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Does Paris Climate Deal Provide Enough Nails to Seal Fossil Fuel Industry's Coffin?

More than 150 nations set to sign COP21 climate agreement on Friday, but many questions remain

"The fossil fuel industry is pushing our climate to the brink faster than anyone expected," says May Boeve of (Photo: Joe Brusky/flickr/cc)

More than 150 nations, including the U.S. and China, are expected to sign the Paris Agreement on climate change on Friday—Earth Day—marking a huge step in the fight against global warming and the next phase for a growing and vibrant climate movement.

The magnitude of the single-day signing "clearly demonstrates the degree of support internationally for moving forward on climate," said David Waskow, the director of the international climate initiative at the global research organziation World Resources Institute.

The deal aims to keep any further warming "well below" 2°C by working to reduce greenhouse gas emissions as soon as possible.

With that in mind, the COP21 agreement "could be the next nail in the coffin of the fossil fuel industry" says executive director May Boeve, "if governments actually follow through on their commitments."

That's the big question, of course—to what extent, and at what speed, governments will actually adhere to the pledges laid out in the Paris Agreement.

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And even if they go whole hog, that won't be good enough, according to a new analysis from Climate Interactive and MIT's Sloan business school. That analysis shows that full implementation of the current pledges would result in expected warming by 2100 of 3.5°C (6.3°F)—far past the consensus threshold. To limit warming to no more than 2°C, "deeper, earlier emissions cuts are needed," the groups say in their Climate Scoreboard.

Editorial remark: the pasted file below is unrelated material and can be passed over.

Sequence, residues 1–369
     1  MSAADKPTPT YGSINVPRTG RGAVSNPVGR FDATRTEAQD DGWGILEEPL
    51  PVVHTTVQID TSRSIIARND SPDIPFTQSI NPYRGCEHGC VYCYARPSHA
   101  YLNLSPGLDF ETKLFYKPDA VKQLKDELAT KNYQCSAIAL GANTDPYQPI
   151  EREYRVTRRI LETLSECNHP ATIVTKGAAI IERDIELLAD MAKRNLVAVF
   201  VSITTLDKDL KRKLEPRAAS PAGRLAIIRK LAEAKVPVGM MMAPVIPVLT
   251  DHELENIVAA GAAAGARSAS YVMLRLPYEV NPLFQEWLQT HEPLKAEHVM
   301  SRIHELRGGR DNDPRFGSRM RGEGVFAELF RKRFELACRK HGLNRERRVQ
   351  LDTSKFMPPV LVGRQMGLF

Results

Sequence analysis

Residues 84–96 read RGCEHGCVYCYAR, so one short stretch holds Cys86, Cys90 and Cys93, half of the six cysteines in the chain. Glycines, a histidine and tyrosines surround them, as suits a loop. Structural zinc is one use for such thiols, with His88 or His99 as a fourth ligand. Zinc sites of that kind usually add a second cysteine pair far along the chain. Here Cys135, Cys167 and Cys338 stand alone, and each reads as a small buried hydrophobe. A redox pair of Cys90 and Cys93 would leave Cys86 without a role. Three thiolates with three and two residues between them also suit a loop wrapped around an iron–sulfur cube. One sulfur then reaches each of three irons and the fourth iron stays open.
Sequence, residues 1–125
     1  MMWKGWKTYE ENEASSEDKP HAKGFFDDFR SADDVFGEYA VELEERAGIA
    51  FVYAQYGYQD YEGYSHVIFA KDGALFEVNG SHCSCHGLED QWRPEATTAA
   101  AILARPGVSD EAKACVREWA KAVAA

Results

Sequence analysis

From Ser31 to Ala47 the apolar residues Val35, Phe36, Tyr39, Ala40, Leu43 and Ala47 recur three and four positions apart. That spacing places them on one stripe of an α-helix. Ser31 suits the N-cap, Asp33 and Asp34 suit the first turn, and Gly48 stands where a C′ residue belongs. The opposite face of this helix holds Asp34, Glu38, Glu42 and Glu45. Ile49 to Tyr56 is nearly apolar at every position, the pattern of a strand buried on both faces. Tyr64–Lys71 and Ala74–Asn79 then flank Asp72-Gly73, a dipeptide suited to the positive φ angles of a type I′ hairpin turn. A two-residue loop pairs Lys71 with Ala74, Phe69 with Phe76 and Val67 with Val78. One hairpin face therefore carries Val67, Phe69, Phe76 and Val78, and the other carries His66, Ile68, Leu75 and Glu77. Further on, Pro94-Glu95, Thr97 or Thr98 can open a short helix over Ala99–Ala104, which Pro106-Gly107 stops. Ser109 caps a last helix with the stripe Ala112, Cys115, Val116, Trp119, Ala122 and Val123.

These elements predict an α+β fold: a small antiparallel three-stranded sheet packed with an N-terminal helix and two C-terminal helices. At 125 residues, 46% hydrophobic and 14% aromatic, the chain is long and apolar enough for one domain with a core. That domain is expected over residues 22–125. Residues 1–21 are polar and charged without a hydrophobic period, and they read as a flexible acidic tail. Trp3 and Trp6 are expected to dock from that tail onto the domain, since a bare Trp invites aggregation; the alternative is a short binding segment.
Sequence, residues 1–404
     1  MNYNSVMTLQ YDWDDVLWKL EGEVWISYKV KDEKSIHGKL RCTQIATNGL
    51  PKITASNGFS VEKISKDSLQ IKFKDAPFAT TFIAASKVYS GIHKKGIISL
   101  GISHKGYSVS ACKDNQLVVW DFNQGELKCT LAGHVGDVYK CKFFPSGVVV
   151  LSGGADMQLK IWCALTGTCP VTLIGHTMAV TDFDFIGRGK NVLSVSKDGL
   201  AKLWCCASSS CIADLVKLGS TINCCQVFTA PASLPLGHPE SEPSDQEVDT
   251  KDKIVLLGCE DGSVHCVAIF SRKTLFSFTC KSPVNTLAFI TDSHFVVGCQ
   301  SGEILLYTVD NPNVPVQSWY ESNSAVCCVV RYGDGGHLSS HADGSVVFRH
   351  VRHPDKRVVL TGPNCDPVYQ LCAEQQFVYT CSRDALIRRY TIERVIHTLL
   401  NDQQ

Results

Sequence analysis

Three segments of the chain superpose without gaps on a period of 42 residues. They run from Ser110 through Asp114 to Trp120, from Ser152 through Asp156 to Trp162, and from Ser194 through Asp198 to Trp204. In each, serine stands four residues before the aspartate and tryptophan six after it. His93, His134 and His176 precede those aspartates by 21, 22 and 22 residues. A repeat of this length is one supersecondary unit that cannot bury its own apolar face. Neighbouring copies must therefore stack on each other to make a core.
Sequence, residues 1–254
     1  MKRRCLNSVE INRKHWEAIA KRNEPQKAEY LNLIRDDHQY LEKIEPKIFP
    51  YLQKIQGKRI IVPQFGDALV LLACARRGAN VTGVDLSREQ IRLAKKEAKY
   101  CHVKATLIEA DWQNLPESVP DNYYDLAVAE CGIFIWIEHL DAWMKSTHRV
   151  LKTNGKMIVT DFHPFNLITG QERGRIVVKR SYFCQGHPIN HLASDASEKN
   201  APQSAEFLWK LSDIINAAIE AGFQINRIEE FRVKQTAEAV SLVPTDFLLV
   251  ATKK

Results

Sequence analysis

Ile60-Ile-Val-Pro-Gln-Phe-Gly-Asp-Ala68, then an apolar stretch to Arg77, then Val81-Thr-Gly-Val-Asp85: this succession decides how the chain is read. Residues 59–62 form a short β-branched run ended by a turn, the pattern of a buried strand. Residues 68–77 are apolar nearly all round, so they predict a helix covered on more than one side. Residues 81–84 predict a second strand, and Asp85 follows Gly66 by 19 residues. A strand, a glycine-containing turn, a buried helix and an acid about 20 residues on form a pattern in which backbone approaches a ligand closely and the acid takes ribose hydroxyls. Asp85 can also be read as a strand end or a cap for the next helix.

That, in turn, would "catastrophic to the ecosystem of the world, including the ice culture of the Indigenous Peoples of the Arctic," said Tom Goldtooth of the Indigenous Environmental Network, which on Wednesday joined other grassroots groups in releasing a report (pdf) that denounces the COP21 deal as a "dangerous distraction."


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Fortunately, the Paris Agreement provides a mechanism for the nations of the world to increase their commitments and submit stronger pledges by 2020.

"It is like driving to an important meeting," said Andrew Jones of Climate Interactive. "You could get there safely if you leave now. Or you could wait, drive too fast, and risk a horrible accident. If we improve the Paris pledges now, we can limit warming below two degrees. If we wait and only ratchet up pledges post-2030, then we’d have to reduce greenhouse gas emissions at a reckless and costly rate, scrapping much more of the existing fossil energy infrastructure before the end of its practical life."

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Indeed, the Washington Post wrote on Wednesday, "a drumbeat of grim scientific findings has underscored that staving off the worst consequences of global warming may take far more aggressive actions" than those laid out in the climate accord. 

Pointing to everything from record-breaking temperatures to rising seas, WaPo journalists Chris Mooney and Brady Dennis said the Paris deal is "only a start to what must be a more aggressive effort to mitigate the worst effects of climate change."

Boeve, of 350, agrees, though she sees an alternate route to making change. "The fossil fuel industry is pushing our climate to the brink faster than anyone expected," she says, "as record temperatures are proving, along with extreme weather related events. We are all at risk from a warming planet, so we are left with no choice but to scale up nonviolent direct action."

"As the transition from dirty energy to clean and efficient energy systems grows stronger and faster," she says, "communities and private citizens around the world will continue to hold decision makers accountable to their promises, and to science."

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